The Theory Of Dark Matter Itself, Questioned.


Monitoring of galactic revolving curves provides evidence that leads toward the existence of dark matter. It is a non-baryonic form of matter that accounts for approximately 85% of matter in the observable Universe. 

Current evaluations of galactic revolving curves are base upon a framework of Newtonian records of gravity. A new research paper published in EPJ C, by Gerson Otto Ludwig, National Institute for Space Research, Brazil, proposes that if this is interchanged with a general relativity-based model, the need to recourse to dark matter is released, replaced by the results of gravitomagnetism.

The foremost purpose of dark matter, Ludwig indicates in his research paper, has historically been to determine the variation between astrophysical observations and current hypotheses of gravity. In simple words, if baryonic matter — the form of matter we observe around us every day is composed of neutrons, electrons, and protons — is the only form of matter. Then there shouldn’t be sufficient gravitational force to stop galaxies from flying apart.

By neglecting general relativistic emendations to Newtonian gravity resulting from mass currents, and by ignoring these mass currents, Ludwig states these models also miss major modifications to revolving curves — the orbital velocities of visible stars and gas plotted against their radial extent from their galaxy’s center. This is because a frame-dragging or the Lense Thirring effect in general relativity is not present in Newton’s theory of gravity. This outcome appears when a bulky rotating object like a star or black hole ‘drags’ the very fabric of spacetime along with it, in turn giving rise to a gravitomagnetic field.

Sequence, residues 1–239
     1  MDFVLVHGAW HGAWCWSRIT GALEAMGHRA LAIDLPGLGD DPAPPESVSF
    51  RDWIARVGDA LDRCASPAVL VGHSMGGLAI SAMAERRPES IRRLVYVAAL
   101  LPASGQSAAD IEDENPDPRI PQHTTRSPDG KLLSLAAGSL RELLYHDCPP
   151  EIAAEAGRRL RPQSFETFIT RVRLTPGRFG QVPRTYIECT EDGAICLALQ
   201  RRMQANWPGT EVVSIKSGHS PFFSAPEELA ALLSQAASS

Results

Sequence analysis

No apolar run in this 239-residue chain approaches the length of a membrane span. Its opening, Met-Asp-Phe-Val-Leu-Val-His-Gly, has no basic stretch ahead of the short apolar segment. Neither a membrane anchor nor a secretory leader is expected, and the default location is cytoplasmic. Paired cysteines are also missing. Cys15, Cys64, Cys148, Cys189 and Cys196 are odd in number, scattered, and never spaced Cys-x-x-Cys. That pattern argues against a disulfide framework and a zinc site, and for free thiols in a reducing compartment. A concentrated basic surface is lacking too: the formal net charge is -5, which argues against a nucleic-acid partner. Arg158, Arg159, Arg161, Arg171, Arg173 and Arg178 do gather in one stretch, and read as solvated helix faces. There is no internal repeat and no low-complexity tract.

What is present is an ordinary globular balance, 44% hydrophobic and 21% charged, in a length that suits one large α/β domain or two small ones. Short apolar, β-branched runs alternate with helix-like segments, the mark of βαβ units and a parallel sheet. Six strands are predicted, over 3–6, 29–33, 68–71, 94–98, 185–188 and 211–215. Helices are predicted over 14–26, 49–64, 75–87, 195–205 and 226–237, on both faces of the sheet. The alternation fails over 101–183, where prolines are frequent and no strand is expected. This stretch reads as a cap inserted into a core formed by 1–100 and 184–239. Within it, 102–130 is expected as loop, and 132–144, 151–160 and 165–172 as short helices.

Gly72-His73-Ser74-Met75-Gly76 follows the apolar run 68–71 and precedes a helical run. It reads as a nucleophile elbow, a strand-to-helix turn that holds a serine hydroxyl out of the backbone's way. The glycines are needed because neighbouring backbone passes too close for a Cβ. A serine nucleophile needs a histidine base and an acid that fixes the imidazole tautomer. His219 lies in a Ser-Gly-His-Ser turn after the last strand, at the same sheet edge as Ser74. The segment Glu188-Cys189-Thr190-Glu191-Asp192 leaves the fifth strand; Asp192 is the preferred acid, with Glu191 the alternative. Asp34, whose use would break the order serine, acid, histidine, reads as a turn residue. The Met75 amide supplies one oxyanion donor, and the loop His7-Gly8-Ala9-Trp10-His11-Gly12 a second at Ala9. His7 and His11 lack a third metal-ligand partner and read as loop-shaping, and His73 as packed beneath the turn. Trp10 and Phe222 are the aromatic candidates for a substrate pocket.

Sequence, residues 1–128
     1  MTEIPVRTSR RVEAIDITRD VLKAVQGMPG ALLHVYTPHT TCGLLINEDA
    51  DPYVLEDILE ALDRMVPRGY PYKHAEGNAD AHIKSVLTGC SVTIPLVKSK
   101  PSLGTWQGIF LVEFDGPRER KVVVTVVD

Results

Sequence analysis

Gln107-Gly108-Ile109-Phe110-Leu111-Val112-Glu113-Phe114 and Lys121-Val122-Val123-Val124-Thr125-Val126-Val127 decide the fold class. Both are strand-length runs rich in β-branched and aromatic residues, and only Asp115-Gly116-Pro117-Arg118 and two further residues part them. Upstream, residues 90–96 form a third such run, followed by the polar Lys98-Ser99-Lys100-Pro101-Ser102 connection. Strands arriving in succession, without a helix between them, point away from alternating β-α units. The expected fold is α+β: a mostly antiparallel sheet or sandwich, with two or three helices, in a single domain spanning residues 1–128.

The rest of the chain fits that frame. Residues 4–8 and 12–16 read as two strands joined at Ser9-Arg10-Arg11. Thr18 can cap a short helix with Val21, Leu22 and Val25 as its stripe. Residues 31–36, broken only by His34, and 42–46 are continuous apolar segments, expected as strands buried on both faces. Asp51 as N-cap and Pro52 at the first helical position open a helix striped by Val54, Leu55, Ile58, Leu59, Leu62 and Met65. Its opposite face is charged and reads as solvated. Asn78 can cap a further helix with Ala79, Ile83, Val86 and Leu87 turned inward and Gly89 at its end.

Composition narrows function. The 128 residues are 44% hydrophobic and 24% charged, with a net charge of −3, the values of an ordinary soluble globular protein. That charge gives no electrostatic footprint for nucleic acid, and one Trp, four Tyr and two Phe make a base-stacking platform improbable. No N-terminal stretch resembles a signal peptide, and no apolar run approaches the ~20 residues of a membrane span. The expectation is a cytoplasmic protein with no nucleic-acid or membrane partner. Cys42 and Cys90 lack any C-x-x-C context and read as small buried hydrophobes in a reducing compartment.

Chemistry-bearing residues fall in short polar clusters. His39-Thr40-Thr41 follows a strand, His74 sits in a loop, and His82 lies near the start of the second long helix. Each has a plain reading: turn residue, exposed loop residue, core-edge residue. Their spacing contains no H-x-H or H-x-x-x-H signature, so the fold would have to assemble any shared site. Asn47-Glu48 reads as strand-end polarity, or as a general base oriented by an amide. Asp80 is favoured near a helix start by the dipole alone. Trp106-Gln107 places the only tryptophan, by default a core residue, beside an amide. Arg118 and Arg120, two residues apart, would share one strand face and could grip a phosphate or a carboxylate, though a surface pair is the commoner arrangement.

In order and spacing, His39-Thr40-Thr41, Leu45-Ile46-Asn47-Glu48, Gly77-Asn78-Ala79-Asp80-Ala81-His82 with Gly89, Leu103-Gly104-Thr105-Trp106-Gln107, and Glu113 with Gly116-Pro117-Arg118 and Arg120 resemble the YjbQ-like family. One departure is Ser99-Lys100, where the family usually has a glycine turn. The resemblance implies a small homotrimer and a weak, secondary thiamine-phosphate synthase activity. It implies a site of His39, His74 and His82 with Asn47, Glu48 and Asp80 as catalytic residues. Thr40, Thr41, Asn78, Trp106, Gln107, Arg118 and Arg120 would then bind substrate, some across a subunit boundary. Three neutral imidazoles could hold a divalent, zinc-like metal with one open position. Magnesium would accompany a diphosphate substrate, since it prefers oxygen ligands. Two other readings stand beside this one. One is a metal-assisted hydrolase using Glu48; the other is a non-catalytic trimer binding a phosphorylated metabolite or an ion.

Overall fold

Models of galactic revolving curves composed of a general relativistic framework could use gravitomagnetism to describe the consequences of dark matter.

In this research paper, Ludwig indicates a new model for the revolving curves of galaxies which is in conjunction with previous efforts involving general relativity. The researcher explains that even though the effects of gravitomagnetic fields are inadequate, factoring them into models mitigates the distinction between theories of gravity and observed revolving curves — eliminating the need for dark matter. 

The theory still requires some improvement before it is universally accepted, with the author mainly pointing out that the time evolution of galaxies modeled with this framework is a complicated problem that will need much deeper analysis.

Ludwig ends by proposing that all calculations done with thin galactic disk models performed up until this point may have to be re-calculated, and the theory of dark matter itself, questioned.

Reference: “Galactic rotation curve and dark matter according to gravitomagnetism” by G. O. Ludwig, 23 February 2021, The European Physical Journal C.

DOI: 10.1140/epjc/s10052-021-08967-3


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